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PostPosted: Thu Dec 29, 2011 12:14 am 
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The wife and I are looking to get our Ham Radio Licenses. We know very little as of now and would be starting from the ground up. We came across http://www.hamradiolicenseexam.com/?gcl ... Kgod2iBaqA and was wondering if it is worth our time. We don't have local classes going on from what we searched, but I do know of some local clubs. Would a class like this work? Or would it be better to just go to a club first?

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PostPosted: Thu Dec 29, 2011 1:58 am 
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It's almost always better to take a class with real people than it is to take an online class. However, online is better than nothing.

That being said, I am 100% certain that with the help of a book, KB6NU's No-Nonsense Study Guides, and asking questions here on ZS, we can help both you and your wife get your Tech ticket without any trouble and almost certainly your General as well. Download those study guides I linked to and read them over. I think you'll see that the first two license exams aren't exactly rocket surgery. The 3rd one, however, does include questions on orbital dynamics (yes, really).


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PostPosted: Thu Dec 29, 2011 9:26 am 
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I used Ham Test Online for my General
http://www.hamradiolicenseexam.com/study.jsp
and it seems to be the best of the online study aids because it trys to take the time and teach the concepts instead of just making you memorize the questions and answers. Of course, it is really only a secondary study aid - the regular ARRL books are a good intro and find an elmer (online or meat space) to explain some of the concepts that you don't get or to handle the questions that naturally follow from what you learn in the books. Without the help from people like KC0MWM I would not have been able to understand nearly as well as I did.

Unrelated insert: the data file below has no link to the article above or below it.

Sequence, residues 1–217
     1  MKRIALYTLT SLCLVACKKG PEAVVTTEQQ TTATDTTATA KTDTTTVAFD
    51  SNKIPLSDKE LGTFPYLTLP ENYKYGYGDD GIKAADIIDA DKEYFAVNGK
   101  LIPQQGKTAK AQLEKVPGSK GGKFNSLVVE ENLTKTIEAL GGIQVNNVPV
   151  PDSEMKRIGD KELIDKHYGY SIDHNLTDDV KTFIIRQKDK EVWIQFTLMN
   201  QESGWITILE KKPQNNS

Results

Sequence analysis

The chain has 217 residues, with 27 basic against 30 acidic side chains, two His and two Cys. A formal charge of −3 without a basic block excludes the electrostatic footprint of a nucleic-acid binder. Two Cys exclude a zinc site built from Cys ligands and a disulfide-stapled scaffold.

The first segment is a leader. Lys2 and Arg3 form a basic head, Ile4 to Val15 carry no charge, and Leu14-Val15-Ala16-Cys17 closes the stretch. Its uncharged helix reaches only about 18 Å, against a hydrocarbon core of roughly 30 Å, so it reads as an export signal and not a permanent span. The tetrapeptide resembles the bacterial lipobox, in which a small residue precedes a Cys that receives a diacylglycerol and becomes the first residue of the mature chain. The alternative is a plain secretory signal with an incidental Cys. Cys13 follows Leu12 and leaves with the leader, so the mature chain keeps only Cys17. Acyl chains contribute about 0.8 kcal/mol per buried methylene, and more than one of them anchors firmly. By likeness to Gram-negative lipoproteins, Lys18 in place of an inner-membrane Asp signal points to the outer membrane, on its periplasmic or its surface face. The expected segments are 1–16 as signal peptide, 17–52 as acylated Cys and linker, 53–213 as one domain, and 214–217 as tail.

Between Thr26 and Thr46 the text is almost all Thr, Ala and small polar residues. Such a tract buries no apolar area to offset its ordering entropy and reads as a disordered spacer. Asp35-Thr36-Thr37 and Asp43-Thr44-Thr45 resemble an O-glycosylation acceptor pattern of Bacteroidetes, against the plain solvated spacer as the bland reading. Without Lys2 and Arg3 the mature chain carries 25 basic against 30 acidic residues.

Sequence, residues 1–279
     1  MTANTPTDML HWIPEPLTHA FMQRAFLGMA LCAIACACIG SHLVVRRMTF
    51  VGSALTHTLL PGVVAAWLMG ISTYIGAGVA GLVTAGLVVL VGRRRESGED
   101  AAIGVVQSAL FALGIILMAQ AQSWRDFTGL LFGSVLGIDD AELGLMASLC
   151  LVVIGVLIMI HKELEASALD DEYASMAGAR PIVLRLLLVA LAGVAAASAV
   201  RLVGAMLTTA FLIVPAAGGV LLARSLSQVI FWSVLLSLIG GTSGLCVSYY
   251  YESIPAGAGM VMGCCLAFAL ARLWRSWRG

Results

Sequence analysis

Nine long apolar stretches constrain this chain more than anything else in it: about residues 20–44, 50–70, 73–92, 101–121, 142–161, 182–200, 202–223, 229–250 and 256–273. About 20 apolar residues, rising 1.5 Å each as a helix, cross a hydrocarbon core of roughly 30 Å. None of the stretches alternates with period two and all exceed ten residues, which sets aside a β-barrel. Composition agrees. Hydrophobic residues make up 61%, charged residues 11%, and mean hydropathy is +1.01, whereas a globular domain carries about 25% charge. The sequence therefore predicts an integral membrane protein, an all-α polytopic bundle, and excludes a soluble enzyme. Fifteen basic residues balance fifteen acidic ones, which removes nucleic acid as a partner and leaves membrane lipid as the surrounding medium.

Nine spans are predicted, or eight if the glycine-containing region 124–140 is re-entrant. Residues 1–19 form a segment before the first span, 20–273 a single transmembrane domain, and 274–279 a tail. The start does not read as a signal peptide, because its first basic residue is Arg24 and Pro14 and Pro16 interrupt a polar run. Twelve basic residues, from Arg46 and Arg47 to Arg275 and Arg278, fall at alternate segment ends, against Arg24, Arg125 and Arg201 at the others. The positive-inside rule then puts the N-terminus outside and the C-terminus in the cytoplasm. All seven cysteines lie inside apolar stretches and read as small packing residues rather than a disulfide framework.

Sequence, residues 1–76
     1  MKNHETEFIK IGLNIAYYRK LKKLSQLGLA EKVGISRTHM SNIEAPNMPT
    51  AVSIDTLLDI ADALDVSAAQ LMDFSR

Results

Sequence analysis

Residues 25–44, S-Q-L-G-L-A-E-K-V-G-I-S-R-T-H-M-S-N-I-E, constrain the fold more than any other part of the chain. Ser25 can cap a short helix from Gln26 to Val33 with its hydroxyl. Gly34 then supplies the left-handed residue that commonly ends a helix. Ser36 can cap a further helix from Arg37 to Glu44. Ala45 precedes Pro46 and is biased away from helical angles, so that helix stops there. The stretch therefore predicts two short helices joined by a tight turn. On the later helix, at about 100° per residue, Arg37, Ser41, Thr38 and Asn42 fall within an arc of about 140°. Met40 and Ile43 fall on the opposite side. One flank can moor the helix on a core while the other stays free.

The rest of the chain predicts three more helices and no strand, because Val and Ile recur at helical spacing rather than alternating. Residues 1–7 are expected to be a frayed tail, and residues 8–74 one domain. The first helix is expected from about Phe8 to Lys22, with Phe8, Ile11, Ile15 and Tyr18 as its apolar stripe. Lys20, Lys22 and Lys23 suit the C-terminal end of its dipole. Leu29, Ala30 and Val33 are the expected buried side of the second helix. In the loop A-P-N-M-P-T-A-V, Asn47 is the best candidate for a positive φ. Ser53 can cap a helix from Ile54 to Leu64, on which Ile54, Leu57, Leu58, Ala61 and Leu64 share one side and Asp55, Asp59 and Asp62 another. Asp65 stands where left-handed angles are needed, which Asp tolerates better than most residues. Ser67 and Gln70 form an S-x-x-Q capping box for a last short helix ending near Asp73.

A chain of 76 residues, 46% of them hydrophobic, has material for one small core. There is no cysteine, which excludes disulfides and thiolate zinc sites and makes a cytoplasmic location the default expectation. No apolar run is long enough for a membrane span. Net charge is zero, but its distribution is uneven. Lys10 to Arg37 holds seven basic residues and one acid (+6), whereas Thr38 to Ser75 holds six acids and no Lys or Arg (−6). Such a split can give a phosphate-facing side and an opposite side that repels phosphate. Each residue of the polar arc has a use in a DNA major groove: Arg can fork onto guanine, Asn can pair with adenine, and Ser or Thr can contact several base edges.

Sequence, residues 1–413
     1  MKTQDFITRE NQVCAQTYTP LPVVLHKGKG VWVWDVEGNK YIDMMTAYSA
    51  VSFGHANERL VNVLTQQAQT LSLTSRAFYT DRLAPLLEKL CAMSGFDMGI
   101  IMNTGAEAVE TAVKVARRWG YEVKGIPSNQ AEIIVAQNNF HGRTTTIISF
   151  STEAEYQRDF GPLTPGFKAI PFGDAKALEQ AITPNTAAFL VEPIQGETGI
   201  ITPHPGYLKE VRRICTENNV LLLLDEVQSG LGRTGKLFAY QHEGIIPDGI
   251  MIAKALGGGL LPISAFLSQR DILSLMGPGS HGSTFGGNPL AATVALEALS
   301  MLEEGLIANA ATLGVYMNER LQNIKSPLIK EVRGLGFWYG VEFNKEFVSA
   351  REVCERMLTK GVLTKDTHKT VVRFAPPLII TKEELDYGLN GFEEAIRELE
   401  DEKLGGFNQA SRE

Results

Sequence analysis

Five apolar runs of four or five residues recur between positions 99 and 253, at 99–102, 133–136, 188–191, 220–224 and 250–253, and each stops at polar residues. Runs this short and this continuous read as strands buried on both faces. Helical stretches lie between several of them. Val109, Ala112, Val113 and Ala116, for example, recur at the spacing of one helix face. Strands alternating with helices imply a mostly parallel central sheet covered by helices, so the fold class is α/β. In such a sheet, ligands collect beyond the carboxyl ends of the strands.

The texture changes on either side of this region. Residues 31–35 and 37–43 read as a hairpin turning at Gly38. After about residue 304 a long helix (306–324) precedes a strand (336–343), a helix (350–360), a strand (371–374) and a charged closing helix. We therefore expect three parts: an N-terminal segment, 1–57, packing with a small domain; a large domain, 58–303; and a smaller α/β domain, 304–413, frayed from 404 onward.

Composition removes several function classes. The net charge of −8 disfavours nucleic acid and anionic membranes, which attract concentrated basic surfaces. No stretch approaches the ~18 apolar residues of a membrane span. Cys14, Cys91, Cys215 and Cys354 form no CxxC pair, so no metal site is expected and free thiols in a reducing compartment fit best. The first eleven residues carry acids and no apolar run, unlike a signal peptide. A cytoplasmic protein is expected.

And then I started an online electronics course to explain even more.


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PostPosted: Thu Dec 29, 2011 10:05 am 
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I have two friends at work that recently passed the Tech and General test and they used the free online tests on QRZ.com. The guy that passed the General test only studied for about 4 weeks. These guys had no prior knowledge of radio but the new General class guy has an extensive education in electronics (from India) and the new Tech has a BSEE.
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PostPosted: Thu Dec 29, 2011 10:21 am 
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Radio guy wrote:
I have two friends at work that recently passed the Tech and General test and they used the free online tests on QRZ.com. The guy that passed the General test only studied for about 4 weeks. These guys had no prior knowledge of radio but the new General class guy has an extensive education in electronics (from India) and the new Tech has a BSEE.
Radio Guy

This is how I got my tech, I just took the tests over and over until I could ace them. I googled any formulas I needed. It soaked in, and I aced it.
For my General, I got some ARRL books and studied my butt off.

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PostPosted: Thu Dec 29, 2011 10:36 am 
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I used HamTestOnline.com myself for my tech, general and extra. I highly recommend it.

I do have an extensive electronics background though, and held an FCC 1st Class ticket (now the General Commercial Radio License) back in the very early 80's, so it was more a case of brushing up and learning the new stuff that had developed in the last 25 years.